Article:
levels will give you the foundation to deliver dynamic features to them. This
is where the operations part of LiveOps really kicks in. You can remotely
configure features, run new gaming experiments or scheduled live events to your
community of players.
Remotely configure features
One of the most important LiveOps features to
implement are feature flags. A feature flag is a game variable for specific
audiences that can be remotely configured from the server. Use flags in your
game to configure the user interface differently depending on the geographic
and cultural context by defining layout, setting theme colors, and enabling or
disabling entire features. Or release new features behind a flag and gradually
enable it for more of your players. It is important that flags continue to work
when there is no network and fallback to default values. Feature flags are one
of the pillars of LiveOps, and when used efficiently, enable controlled feature
deployment and configuration with minimal client updates.
Like feature flags, experiments deliver feature configurations to audiences, but only for a fixed duration. Experiments should have clear goal metrics to determine if they were successful. You may also want to limit the number of players in an audience group that take part in the experiment, start by thinking about the data you need to make statistically significant decisions on the outcome. Embracing an experimental game design culture will empower your team to work iteratively and make data-driven decisions faster. And once your successful experiments are complete, convert them to permanent feature flags for your players.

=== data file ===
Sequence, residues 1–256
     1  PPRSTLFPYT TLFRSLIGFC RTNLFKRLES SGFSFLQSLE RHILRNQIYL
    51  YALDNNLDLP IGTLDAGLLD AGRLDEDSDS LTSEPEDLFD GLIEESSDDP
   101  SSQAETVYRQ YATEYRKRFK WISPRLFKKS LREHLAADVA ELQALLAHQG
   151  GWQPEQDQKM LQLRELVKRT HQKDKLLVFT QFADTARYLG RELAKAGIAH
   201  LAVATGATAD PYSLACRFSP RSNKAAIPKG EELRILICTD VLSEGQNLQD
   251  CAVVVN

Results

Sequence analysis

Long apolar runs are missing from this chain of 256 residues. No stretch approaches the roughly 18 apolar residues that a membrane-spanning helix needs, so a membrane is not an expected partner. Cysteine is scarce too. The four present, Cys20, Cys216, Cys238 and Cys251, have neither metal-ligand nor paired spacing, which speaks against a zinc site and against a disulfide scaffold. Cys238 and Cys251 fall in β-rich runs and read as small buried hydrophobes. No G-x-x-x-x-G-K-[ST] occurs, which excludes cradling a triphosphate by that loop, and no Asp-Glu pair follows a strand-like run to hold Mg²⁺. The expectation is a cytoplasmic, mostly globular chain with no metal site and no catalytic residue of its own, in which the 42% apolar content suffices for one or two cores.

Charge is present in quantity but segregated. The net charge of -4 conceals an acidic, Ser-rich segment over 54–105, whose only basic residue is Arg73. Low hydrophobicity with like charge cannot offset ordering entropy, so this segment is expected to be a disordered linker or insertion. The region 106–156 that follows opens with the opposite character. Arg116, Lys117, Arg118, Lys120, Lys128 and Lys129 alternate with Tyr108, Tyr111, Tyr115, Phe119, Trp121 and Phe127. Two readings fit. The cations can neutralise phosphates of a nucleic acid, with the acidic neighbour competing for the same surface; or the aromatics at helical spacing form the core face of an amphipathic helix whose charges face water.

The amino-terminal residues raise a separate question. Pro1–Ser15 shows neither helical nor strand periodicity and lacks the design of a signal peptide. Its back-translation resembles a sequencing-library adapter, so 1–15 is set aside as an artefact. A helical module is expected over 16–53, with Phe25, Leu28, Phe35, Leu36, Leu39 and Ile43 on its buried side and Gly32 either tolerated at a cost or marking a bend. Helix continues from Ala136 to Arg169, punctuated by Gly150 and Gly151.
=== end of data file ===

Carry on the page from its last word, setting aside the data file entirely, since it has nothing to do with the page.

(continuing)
Schedule live events
Live events are for delivering established
features on a schedule, and like experiments they have a duration and should
track goal metrics like engagement or return on ad spend (RoAS). Battle passes,
leagues, tournaments, seasonal events, special offers and even recurring
messages or push notifications are all examples of live events players interact
with on a daily basis. A successful live event calendar requires careful
planning and should take into account event diversity, player availability and
fatigue, and clashes with other internal and even external events. LiveOps is a
living and evolving process. Live events may call for further experimentation
if goal metrics are falling or novel experiences are identified. Vice versa
experiments may create permanent features and spawn live events.
Build or buy
Developing a couple of LiveOps features
in-house can be quick and easy at first, but building a complete LiveOps system
and infrastructure from scratch that spans multiple titles and studios is a
challenging undertaking. You have to consider tracking, segmentation, and
feature delivery at massive scales as your game grows. Unfortunately existing
analytics solutions don’t cater to game-specific use cases, especially when it
comes to live events, and often require piecing together multiple services into
a complicated mess.
Heroic Labs, the creators of Nakama the open source game server that powers online game experiences on web, mobile, desktop, and console have released early-access to Satori, a new LiveOps product to help game studios and publishers of all sizes gain valuable insights into their player base and identify actionable opportunities for growing their audience and revenue.